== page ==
I was at a blogging event recently and arrived a few minutes after it started to find a slightly unusual dynamic had emerged:

An older American lady sitting in a chair, surrounded by young English bloggers – some of whom are still very new to blogging. The American, who had never been to one of these events before, was dominating the conversation and had been from the beginning of the session, and it soon became clear that she had *no* experience of writing or publishing for anonymous readers, blogging in general, commenting, networking, social media accounts and in fact, had little experience of the internet as a whole.   She had decided that she was going to use this event as a “learn how to blog in an hour” session, and wanted to learn *everything* about blogging, whether or not that’s what the event was about.

I got the impression that she had the belief that it was “build it and they will come” when it came to blogging and that she would have to do very little work in order to get lots of hits and comments – and that they would all be positive.  “What happens if someone says something horrible?” “Well you can either delete it, or accept it if it turns out to be correct. Or just not allow comments. If you delete it, you will still have to read it however, so If you’re not ready, don’t allow comments”.  I think she soon began to realise that there was more to blogging than she realised, that there was a lot of work to be done, and the experienced people in the room had been doing this for several years.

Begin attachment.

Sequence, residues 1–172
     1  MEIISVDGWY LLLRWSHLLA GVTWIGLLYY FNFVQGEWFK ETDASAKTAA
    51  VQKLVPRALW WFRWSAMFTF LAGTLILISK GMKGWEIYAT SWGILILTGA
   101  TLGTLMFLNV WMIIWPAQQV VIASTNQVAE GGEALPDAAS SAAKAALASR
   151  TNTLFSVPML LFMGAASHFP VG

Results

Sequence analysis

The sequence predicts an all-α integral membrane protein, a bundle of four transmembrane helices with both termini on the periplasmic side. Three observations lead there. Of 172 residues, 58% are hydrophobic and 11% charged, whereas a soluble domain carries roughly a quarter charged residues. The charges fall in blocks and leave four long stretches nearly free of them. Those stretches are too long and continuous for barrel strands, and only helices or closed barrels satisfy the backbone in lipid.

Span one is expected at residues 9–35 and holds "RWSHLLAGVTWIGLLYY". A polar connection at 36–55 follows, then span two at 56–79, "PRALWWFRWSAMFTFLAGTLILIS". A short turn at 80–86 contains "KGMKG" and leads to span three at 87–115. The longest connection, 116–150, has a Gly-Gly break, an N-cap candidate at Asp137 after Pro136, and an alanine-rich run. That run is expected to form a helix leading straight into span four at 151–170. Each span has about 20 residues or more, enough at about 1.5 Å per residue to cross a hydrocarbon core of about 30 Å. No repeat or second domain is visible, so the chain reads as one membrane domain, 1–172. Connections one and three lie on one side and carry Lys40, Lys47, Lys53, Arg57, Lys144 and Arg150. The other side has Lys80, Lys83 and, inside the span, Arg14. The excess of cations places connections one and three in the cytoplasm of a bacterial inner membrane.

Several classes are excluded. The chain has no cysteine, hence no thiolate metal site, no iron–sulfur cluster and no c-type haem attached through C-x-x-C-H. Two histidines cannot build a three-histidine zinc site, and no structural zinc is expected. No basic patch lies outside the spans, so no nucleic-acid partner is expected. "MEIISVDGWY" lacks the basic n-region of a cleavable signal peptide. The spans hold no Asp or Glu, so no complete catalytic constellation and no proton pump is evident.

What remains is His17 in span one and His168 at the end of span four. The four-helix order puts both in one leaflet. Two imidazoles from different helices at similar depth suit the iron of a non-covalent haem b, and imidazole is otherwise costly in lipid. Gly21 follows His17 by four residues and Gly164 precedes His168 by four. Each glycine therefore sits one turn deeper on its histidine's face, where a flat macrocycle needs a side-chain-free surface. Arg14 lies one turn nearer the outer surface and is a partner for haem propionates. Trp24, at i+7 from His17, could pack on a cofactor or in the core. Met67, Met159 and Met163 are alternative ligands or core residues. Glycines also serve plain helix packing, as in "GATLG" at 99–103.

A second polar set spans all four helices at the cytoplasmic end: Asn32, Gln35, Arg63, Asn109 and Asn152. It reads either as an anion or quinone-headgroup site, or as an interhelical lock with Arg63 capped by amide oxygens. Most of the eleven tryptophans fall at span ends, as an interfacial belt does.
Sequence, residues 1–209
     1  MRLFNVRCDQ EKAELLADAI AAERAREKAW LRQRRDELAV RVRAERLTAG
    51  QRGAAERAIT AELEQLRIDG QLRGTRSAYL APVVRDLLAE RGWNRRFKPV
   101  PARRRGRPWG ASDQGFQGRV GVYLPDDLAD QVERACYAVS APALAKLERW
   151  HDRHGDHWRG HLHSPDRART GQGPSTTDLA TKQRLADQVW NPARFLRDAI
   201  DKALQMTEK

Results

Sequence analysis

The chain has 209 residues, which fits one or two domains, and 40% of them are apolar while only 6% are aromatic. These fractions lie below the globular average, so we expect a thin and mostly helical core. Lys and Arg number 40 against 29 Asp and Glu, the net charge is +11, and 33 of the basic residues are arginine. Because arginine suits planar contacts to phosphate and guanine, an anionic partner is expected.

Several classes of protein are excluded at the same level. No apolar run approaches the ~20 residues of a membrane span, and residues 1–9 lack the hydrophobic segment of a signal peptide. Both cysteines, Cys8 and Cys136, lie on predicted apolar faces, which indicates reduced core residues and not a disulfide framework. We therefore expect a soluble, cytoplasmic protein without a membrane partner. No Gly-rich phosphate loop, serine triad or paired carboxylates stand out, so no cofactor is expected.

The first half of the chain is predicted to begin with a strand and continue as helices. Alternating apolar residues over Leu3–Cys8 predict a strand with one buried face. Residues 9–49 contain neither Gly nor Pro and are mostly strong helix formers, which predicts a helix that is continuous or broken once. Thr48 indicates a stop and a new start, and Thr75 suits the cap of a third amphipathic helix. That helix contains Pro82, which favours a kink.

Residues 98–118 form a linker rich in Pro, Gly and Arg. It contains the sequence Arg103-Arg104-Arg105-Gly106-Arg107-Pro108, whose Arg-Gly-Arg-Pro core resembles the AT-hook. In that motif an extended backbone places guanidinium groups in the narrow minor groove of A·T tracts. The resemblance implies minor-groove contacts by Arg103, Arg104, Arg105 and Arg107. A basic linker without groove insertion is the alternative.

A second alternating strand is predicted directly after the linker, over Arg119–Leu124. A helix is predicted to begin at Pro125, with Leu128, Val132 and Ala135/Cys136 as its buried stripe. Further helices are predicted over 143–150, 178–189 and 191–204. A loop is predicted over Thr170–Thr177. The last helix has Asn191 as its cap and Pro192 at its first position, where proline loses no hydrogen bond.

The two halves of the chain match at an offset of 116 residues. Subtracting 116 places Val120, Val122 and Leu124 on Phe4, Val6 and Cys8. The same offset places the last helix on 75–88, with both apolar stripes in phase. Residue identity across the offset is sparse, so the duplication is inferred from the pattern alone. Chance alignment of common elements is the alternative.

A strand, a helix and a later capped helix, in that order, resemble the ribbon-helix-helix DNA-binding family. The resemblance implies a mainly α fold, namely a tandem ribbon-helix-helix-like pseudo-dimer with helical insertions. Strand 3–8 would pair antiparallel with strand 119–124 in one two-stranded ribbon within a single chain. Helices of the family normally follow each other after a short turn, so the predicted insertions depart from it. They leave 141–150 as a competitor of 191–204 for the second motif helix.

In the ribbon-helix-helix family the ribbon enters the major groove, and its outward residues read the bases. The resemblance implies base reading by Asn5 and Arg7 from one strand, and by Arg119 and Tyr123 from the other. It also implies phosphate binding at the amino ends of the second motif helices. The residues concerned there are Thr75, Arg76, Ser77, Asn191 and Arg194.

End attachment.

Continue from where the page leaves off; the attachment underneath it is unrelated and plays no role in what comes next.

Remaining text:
So I’ve decided to brush off some general tips to those thinking of starting out in blogging – no matter the platform and no matter the niche.

  • Write about what you know and enjoy. Readers will be turned off if they think you’re not sincere. It will also make it easier to keep going when it seems you’re posting into the void
  • Do NOT think that writing one post and telling no one about it will make you a star – your post will be lost mere seconds after you hit the “publish” button, and no one will find you, so you have to get the word out.

Time and effort

  • Blogging takes a lot of work. At the minimum I will spend a couple of hours a week promoting posts, doing admin etc. A post can take several hours and multiple edits before it makes the light of day, and even then I will spot a spelling mistake only AFTER I publish.